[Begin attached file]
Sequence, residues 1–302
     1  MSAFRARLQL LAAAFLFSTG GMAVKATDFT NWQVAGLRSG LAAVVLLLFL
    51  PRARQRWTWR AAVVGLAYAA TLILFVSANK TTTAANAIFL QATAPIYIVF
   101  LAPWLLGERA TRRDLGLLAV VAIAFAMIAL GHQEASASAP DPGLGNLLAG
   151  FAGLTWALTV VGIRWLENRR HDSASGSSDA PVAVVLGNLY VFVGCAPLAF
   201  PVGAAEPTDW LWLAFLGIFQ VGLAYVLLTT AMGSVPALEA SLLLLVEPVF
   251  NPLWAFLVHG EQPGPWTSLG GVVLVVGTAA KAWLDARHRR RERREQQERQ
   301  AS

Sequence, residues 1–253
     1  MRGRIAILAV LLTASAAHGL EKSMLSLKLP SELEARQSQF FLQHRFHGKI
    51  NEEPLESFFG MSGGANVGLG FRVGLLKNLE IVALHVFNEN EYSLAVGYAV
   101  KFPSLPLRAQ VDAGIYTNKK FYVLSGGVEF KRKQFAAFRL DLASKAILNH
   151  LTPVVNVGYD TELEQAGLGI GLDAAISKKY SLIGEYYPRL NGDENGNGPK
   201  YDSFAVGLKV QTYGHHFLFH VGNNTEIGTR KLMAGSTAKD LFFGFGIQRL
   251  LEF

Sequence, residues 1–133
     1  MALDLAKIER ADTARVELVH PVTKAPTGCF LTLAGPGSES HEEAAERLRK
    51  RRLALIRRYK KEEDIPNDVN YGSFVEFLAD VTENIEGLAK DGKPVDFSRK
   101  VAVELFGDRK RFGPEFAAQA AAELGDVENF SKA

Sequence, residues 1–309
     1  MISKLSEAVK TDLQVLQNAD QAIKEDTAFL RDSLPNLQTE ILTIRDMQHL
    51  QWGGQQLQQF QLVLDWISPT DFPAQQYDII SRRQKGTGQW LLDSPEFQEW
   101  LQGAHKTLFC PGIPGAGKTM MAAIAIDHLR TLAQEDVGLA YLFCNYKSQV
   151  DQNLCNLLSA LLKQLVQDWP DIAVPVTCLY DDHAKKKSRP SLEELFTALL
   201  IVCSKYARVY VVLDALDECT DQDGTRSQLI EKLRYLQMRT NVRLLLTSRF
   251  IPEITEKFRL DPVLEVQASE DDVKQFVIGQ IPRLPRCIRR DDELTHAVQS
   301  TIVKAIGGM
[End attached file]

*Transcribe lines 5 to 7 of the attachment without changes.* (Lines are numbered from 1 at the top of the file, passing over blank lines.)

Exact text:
   151  FAGLTWALTV VGIRWLENRR HDSASGSSDA PVAVVLGNLY VFVGCAPLAF
   201  PVGAAEPTDW LWLAFLGIFQ VGLAYVLLTT AMGSVPALEA SLLLLVEPVF
   251  NPLWAFLVHG EQPGPWTSLG GVVLVVGTAA KAWLDARHRR RERREQQERQ